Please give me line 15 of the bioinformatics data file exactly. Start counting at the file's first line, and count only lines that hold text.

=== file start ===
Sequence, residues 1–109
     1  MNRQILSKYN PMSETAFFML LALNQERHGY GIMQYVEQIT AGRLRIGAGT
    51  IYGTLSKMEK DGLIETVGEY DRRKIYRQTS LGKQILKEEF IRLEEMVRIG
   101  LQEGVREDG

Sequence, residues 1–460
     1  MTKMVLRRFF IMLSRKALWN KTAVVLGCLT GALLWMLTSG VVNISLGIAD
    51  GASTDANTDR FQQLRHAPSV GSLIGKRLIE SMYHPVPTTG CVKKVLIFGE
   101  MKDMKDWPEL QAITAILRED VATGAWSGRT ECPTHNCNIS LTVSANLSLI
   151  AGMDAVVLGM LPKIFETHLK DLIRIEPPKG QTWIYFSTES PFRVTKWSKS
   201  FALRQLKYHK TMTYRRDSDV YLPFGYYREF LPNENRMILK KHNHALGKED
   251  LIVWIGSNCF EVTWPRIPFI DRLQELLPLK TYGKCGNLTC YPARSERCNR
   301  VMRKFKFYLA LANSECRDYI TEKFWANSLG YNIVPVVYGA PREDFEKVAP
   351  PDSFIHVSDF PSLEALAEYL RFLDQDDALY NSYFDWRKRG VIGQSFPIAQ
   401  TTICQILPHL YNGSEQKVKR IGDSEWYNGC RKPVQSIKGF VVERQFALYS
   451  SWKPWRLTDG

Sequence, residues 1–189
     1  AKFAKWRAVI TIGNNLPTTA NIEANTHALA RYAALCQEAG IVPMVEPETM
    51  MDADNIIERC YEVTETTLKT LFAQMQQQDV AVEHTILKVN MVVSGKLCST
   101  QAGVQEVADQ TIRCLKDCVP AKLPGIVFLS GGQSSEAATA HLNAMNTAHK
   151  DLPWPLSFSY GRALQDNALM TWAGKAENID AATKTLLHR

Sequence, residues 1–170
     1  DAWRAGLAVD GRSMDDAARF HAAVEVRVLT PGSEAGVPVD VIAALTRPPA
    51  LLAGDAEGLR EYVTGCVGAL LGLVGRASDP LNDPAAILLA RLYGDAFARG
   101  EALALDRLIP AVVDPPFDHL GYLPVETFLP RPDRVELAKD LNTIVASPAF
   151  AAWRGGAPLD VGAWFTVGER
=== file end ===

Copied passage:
   451  SWKPWRLTDG